The Alamo is a hallowed place. The complex history surrounding its construction and early operation, the independence movement, the revolt, struggle, battles and outcome must be related as part of the “complete experience.”
School children feel a special magic when they enter its environs and interior today—I know I did when first visiting it in the 7th grade. Adults gain that magical, majestic affectation, and a personal attachment to the history, as well.
The iconic mission, the visions, the legendary characters and history must be and can be communicated to and experienced by all our visitors in a manner better than it is today. I want all people to “Remember the Alamo” knowing its complex history, special essence, and enduring value as symbol and shrine- always to be preserved and remembered. As Commissioner, I’ll assure that.
But after taking over the management of the Alamo, the incumbent Land Commissioner proposed spending $450 million dollars, which you know will become a half a billion. He has out of state million-dollar consultants to tell us how to “reimagine” the Alamo and its environs. A half billion dollars! And he wants to move the Cenotaph, the statue to the defenders of the Alamo completed by one of the most famous artists and sculptors in San Antonio’s history—difficult to do without destroying it, not to mention that the statue was placed there for several important reasons.
A half a billion dollars? I consider that a heap of money. Now don’t get me wrong, but if you were in charge of this state and had half a billion dollars for our greatest needs, would you say: hell, I’m going to spend it on “reimagining” the Alamo! That’s our greatest problem and I’ll spend the half billion dollars on it. And I’ll follow that Commissioner’s plan that started with a plexiglass wall around its reimagined parts to keep the kiddies and their parents at bay. Friends we don’t need a bloodhound to catch this proposal’s foul scent. A half-billion dollars! And by the way, an audit conducted on the GLO’s management of the Alamo since taking it over shows mismanagement and misfeasance, violations of government rules, and inappropriate payments involving employees.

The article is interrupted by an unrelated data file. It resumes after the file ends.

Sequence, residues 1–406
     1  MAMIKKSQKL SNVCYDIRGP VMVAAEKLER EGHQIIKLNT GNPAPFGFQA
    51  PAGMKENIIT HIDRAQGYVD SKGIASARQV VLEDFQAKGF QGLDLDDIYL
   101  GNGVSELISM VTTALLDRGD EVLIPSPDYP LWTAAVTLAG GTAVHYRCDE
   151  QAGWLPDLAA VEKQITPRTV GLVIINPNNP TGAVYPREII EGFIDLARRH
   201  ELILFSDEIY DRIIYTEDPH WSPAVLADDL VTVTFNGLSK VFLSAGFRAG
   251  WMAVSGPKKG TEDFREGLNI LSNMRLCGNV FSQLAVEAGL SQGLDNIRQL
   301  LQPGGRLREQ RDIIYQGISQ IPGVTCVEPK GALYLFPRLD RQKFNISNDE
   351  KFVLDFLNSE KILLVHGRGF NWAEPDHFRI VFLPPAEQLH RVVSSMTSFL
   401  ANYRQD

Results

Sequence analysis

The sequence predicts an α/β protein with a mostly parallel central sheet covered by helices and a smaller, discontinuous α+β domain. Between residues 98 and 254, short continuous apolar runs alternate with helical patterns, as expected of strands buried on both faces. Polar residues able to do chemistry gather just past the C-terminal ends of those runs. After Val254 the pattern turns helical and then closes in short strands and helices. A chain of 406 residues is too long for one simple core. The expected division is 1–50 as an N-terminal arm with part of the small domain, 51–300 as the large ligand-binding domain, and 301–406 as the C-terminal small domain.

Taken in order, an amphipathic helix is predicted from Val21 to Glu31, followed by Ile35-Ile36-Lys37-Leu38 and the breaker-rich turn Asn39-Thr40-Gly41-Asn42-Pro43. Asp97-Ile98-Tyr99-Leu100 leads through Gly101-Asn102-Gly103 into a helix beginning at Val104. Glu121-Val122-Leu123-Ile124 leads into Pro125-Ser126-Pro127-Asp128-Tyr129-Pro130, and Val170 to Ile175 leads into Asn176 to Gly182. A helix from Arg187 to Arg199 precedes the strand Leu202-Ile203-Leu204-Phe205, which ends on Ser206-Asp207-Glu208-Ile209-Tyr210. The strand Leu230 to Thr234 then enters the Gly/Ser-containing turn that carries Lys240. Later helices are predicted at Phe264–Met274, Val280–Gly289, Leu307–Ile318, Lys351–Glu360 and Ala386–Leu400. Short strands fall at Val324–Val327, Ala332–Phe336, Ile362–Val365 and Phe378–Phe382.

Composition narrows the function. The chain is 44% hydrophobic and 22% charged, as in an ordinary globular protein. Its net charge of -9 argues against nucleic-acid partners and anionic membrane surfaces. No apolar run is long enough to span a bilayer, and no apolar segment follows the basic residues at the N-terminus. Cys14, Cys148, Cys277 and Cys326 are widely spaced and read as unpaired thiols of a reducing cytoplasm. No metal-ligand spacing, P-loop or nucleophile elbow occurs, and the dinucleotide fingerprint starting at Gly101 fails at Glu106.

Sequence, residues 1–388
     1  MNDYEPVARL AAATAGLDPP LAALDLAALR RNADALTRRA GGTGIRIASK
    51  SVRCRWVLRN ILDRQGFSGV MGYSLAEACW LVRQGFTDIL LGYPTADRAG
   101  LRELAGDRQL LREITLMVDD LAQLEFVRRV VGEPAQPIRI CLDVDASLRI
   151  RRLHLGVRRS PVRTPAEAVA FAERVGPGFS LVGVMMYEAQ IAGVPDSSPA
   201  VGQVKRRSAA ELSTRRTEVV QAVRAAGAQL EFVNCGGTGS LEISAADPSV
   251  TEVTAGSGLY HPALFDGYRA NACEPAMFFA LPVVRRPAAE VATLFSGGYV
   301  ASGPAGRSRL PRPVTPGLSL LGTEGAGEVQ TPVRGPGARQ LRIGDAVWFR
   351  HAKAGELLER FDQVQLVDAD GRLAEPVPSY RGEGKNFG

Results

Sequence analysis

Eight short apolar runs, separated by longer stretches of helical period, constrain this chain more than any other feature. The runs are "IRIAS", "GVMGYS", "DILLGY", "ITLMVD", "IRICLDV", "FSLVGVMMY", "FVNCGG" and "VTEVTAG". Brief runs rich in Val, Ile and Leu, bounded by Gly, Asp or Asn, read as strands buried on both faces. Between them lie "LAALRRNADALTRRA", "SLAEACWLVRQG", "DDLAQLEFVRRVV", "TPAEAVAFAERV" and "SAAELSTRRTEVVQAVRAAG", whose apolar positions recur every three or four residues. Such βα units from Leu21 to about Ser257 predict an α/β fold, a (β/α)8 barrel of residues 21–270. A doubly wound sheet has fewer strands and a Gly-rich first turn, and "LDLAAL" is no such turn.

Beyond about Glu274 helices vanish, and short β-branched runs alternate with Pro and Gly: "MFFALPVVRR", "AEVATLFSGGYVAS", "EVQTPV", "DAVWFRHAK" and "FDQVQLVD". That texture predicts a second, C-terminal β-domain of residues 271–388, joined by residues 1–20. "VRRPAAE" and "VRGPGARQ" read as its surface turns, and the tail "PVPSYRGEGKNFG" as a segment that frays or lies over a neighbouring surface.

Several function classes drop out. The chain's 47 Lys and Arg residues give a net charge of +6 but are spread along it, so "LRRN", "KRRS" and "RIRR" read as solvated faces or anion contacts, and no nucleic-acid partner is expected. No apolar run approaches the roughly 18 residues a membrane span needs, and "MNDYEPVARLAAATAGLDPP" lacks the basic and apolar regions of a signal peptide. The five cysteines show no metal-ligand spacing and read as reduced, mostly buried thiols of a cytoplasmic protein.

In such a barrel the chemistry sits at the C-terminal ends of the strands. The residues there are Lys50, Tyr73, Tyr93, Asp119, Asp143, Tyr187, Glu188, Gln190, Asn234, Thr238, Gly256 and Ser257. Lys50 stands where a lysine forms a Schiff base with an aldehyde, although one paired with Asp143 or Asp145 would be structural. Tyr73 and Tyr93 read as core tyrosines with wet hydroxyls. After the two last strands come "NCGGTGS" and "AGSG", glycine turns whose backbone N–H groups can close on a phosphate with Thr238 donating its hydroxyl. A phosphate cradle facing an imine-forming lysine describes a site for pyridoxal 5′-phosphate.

What would I do? My team would do everything necessary to preserve the Alamo for future generations, in perpetuity.
We need to make sure that all of the renovations are extremely well researched, documented, reviewed and vetted. Firms that have been used in the past have a chance to bid on the work. The finest competent hands must be employed on the preservation, restoration, and presentation both regarding the structure, grounds, and history. Continuity in the maintenance of the physical structure is of high importance. Invaluable documents and history collections must be preserved and displayed in a dedicated museum. We’d use Texas companies and workers, not million dollar consultants for St. Louis. And we’d make sure we did it without the tomfoolery of setting up three non-profit corporations, but all having the same ten members of their “discrete” Boards, with the non-profits now inappropriately, illicitly, and illegally entangled with GLO reimbursements of salaries. The non-profits were not have to have Where’s that bloodhound. This doesn’t pass the smell test.
Close to a half-billion dollars, proposed to be directed by non-governmental committees that could camouflage expenditures and vendor negotiations, avoid public procurement requirements, and violate the fundamental principle of transparency, so essential to any good government, democracy, or republic.
What about that audit? The Commissioner says he’s holding it until the spring, which of course, means until after the primary election. A violation of that fundamental principle of democracy.
Under new GLO leadership, we would preserve the Alamo, upgrade its environs including a separate museum for the historical documents and holdings, and partner with the City of San Antonio and other governmental agencies and private partners to preserve it, its World Heritage status, the Cenotaph, the dignity and integrity of the shrine and battleground, and hundreds of millions of dollars to boot.
The designs, procurements, deliberations, decision-making and quality of work should be conducted with complete transparency and follow all laws of the State of Texas and U.S, as we preserve its World Heritage status. Difficult? Cumbersome? Impossible? No more than those who faced the struggle to achieve independence at the site. It takes a GLO appropriate and unswerving commitment to democratic values, excellence in work, and oversight. My team will lead this major project with efficient and effective and even IT ways, and it will cost a fraction of those half-billion dollars that the Commissioner intends to spend. And we’ll produce a better, world class experience, by completing appropriate restoration and preservation of the Alamo, done with complete transparency and open government conduct.